The sparking around the comunater usually indicates there is a short between the windings of the armature and ground. If nothing else, check between the individual bars and ground. Also there will be a connection to another bar of the comunater. I am curious about the transformer: What purpose did it serve? Was this a set up for 220 volts used in Europe? Or perhaps another voltage set up, as yet unknown?
Have you tried a restarted? If you have not try this: Simultaneously hold down the start button, in the landscape position middle of the right hand side, and the off button, upper left hand edge. Hold for fifteen seconds. The screen will go dark and then a white Apple with a bite out of it will appear on a black screen. It may take a few minutes, then the start screen appears. Sign in and see if all systems are working as they should.
Toe-in is the easiest to explain so I will start there. Toe-in is the amount of difference between the back and the front of the front wheels. If the tires point straight ahead the car would wander and the stearing wheel would not stay in one position. I had a front wheel drive car that the book said needed .5 inch toe-in. I used two blocks of wood the same size, long enough to have about three inches beyond the front and back of the tire. Using the wood to see the out side of the tire, with a tape measure I determined if there was the proper difference between front and back of the tires. By lengthing or shortening the two connecting rods, the adjustment would be brought to the desired measurement. Caster can be best explained by looking at the caster wheel on any roll around device such as a tank vacum. The caster has the major part of the wheel behind the vertical pivot of the wheel. This keeps the wheel going streight. Camber is the same in referance to the vertical pivot, except instead of looking...
Check to see if it is a steel ball or a drop of solder. I do not think a steel ball belongs in the ipod. The drop of solder would not have been left in the unit. Inspection should have caught any foreign material, steel ball or drop of solder. I suspect that a short in the charging system, the only place enough current exists in the unit to melt solder, may have taken out a component. The result may have been a current draw sufficient to destroy enough circuit material to leave the residue you speak of. I think such destruction will be obvious and you will find the culprit. Good luck and as my son says, "keep smiling!"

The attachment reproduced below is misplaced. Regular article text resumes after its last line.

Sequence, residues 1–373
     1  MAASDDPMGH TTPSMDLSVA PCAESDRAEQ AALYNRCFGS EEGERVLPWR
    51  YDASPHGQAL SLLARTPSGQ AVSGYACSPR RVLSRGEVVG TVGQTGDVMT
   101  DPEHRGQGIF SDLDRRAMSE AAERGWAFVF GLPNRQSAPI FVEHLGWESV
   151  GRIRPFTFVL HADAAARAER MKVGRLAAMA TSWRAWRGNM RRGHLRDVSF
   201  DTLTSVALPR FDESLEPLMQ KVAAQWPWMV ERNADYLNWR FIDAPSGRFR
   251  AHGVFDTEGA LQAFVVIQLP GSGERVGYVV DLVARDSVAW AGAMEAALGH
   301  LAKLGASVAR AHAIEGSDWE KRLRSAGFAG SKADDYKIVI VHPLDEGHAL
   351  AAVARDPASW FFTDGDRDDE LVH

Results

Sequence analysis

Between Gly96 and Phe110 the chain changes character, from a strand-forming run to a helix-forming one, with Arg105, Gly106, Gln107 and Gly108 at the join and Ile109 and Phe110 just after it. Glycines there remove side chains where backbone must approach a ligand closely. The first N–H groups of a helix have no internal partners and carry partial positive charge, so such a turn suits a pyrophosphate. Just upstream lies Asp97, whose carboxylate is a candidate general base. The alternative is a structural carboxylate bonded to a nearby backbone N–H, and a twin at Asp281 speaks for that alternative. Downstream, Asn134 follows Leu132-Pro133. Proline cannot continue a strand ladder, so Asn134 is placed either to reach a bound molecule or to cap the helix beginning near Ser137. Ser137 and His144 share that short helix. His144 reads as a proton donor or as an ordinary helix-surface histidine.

If the sparks go all the way around the copper strips, also called the commutator, the armature has shorted. That means the insulation between the wires and the iron has broken down in the inside of the armature. Some times it can be as simple as a short between the bars, the copper strips, of the commutator. With the tool unpluged, use an air hose with an air nozzle to blow any trash or dust from the area around the brushes and the communator. If that does not improve the symptoms the next thing is, with the tool unpluged, remove the brushes, often a screw on cap hold them in, and inspect and compare the length. A short length will cause the springs to not put enough pressure on the carbon to make good contact with communtator. In that case, replace the brushes. Also check the freedom of movement of the brushes. If dirt jams the channel the brush slides in, the spring can't push the carbon tight to the commutator. Good luck! This repair will work on other hand-held power tools.
Attach a solder lug to the center screw of the nearest AC power outlet. Just remove the cover screw and put it through a proper size solder lug and tighten the screw back on the cover where you removed it from. Attach the wrist strap when you will be handling ANY electronic parts or equipment.